A drill press, a 3D printer, a laser cutter and sewing machines: these are just a few of the tools that will be available to students as soon as next semester, following the creation of a “WakerSpace,” a makerspace that will be centrally located in the old Student Health trailers in the Q parking lot.
The last of the 15 ACC schools to establish a makerspace, Wake Forest’s “WakerSpace” will follow a hub-and-spoke model, allowing students to not only build physical projects, but also to learn life lessons such as cooking, doing taxes and reading contracts, through workshop partnerships with Aramark, Facilities and other departments across campus.
“As an engineering student, the addition of the makerspace will allow me to pursue personal projects related to engineering, but I can also see the space being used for class projects and even research,” said freshman John Hobson, who advocated for the space at an open forum last month, citing that he wanted the chance to build a trebuchet with friends.
The need for a makerspace on campus was identified in the fall of 2015 by the Technology Innovation Program (TIP), a group of students whose goal is to identify the potential for technology-based innovation on campus, such as establishing better wifi on the quad. After identifying the need for a makerspace, TIP students presented their ideas to various administration members on campus, which eventually led to the creation of a Steering Committee comprised of faculty and staff members dedicated to the idea.
“I think students will benefit from the Makerspace in so many ways,” said junior Sarah Kate Thomas, who will act as president of an informal Makerspace club in the fall. “You don’t have to be a STEM major to use the Makerspace. If there’s anything you’ve ever wanted to build or learn how to make, the Makerspace will be the perfect place for that.”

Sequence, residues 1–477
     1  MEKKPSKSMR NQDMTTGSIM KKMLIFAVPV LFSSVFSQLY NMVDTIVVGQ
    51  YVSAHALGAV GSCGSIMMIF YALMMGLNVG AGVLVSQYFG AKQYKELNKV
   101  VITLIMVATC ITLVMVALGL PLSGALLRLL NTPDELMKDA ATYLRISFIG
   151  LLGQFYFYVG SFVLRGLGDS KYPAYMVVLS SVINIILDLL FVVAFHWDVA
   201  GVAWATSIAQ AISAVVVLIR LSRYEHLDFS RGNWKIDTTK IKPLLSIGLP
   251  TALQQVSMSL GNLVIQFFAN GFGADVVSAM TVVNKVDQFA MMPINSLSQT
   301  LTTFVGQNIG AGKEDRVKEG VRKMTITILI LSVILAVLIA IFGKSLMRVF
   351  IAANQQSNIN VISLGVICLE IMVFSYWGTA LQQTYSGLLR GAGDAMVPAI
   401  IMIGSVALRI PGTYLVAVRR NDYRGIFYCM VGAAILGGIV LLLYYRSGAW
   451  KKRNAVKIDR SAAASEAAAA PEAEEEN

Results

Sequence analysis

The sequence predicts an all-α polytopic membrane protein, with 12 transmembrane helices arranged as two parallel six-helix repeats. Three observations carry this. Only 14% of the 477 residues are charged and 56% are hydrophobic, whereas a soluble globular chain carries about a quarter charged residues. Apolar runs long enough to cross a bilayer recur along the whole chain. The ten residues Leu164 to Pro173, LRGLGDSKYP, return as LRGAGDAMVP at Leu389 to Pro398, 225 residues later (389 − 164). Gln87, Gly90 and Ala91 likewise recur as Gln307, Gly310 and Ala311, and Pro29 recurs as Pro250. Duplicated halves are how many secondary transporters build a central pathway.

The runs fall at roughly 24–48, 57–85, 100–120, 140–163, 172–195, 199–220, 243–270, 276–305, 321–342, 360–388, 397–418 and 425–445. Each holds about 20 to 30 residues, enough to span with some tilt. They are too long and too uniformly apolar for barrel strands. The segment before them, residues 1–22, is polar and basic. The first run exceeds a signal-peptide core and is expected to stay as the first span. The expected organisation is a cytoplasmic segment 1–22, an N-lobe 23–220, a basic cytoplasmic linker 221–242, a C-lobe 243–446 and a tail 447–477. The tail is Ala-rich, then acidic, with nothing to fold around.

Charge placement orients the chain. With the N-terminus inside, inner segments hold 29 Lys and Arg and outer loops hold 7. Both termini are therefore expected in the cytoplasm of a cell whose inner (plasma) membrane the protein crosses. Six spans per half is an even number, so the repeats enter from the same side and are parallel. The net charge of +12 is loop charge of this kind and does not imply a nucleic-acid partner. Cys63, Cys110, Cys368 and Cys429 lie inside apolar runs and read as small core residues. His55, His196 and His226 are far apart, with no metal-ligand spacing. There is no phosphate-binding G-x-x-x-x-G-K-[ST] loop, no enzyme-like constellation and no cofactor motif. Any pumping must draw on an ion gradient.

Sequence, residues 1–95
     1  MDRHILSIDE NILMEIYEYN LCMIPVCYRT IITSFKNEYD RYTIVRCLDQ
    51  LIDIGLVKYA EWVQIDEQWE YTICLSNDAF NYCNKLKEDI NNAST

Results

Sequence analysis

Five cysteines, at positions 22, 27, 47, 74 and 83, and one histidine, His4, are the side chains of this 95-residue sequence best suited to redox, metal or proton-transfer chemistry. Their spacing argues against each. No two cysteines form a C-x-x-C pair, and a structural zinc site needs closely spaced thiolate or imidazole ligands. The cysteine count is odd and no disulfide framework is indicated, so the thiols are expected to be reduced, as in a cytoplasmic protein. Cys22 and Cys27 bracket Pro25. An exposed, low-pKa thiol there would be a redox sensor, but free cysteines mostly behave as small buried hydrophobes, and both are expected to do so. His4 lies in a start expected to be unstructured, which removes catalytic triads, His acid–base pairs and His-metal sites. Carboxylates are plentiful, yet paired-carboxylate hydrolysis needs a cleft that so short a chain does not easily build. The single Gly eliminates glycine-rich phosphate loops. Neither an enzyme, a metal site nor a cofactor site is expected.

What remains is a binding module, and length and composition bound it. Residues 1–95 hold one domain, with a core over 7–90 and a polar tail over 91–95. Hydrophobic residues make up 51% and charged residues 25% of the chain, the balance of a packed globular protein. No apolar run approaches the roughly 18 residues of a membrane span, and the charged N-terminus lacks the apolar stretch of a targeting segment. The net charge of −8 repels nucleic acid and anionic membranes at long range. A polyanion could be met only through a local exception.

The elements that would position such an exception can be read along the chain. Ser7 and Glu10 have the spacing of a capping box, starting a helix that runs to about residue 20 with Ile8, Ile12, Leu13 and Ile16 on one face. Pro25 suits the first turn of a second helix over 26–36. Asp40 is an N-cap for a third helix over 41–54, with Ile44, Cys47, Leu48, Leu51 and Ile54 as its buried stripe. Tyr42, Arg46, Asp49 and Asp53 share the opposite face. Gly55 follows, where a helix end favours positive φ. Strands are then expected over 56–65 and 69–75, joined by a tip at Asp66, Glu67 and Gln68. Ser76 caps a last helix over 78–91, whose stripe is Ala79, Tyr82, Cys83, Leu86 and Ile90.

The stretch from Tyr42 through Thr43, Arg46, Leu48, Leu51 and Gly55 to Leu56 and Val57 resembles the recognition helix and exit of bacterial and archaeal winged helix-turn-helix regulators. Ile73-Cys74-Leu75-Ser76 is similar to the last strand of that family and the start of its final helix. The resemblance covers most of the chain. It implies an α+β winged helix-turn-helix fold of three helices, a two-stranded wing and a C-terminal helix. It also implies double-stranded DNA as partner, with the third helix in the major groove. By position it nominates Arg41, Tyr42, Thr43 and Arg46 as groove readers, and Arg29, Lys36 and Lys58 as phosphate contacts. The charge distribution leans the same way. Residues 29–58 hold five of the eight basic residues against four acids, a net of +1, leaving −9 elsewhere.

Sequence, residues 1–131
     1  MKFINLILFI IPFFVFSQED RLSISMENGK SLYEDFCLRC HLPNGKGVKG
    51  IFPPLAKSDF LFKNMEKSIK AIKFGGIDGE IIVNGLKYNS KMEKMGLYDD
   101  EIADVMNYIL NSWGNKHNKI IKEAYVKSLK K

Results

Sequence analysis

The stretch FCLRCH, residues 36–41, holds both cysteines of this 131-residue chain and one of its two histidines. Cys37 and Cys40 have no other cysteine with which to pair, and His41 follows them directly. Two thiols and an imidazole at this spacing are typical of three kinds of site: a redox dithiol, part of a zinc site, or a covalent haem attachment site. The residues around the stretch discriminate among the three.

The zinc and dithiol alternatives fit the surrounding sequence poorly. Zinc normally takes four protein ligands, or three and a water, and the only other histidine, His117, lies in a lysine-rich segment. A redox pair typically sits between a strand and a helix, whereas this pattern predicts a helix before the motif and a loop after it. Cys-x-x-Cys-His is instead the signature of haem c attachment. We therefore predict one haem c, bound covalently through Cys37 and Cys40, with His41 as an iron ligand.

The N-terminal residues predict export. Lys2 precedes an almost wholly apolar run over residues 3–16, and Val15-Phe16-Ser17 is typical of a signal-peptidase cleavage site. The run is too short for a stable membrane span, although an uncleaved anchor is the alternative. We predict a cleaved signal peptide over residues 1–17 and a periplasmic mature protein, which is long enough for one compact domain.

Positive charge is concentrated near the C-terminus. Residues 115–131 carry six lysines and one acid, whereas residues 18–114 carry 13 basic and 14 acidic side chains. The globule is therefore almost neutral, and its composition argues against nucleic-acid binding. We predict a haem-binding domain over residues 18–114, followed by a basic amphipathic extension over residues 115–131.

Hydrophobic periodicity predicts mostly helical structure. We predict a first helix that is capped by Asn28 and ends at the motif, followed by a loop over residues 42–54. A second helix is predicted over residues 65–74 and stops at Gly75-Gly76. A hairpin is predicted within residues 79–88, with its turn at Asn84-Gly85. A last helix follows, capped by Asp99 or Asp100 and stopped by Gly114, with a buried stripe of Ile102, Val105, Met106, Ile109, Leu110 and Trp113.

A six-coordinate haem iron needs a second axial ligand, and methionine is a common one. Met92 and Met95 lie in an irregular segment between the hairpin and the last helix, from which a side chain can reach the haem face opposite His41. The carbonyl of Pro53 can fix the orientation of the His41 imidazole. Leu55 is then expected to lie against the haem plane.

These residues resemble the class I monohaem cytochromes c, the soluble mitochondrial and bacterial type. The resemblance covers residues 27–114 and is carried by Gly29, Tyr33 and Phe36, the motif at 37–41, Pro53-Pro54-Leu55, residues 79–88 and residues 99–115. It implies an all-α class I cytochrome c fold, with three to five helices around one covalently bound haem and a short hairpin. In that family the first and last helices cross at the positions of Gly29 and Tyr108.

The steering committee is comprised of Dean of the College Michelle Gillespie, Associate VP for Strategy and Operations Emily Neese and Associate Vice President for Facilities and Campus Services John Shenette, among others. It hosted an open forum earlier this semester, led by Provost Rogan Kersh, to hear ideas and concerns from the community regarding the WakerSpace idea. The forum was attended by faculty and staff members, as well as students, from departments ranging from humanities to STEM fields.
“I decided to attend the makerspace forum because I knew that my perspective might be valuable as a student who’s interested in tackling more complex engineering problems that might require more technical/construction skills,” Hobson said. “I am personally pretty handy with tools, but specific training and access to these tools, as well as spaces to work in, would be extremely valuable.”
Earlier this month, a trial workshop was hosted in which students made wooden tic-tac-toe boards with a drill press and CNC tool. Future projects could include printing 3D bones through the anthropology department or establishing a “Bakerspace” for students to gain experience in the kitchen. This week, a second trial workshop will allow students to build night lights and gain experience with Arduino, an open-source electronics platform.
Just last week, a two-year lease was officially signed to allow the trailers in Lot Q to be used for the WakerSpace, sharing with a few temporary offices. Depending on the availability of construction workers over the summer, the space may be ready for students to use as soon as the fall semester.
“I think the student body would really benefit from a space that is so incredibly hands on. Taking something out a textbook, and replicating what that thing is can be so beneficial to the learning process,” junior Elizabeth Hall said. “Eventually, I hope that this is a space that people feel comfortable trying new things and seeing their own ideas become a reality.”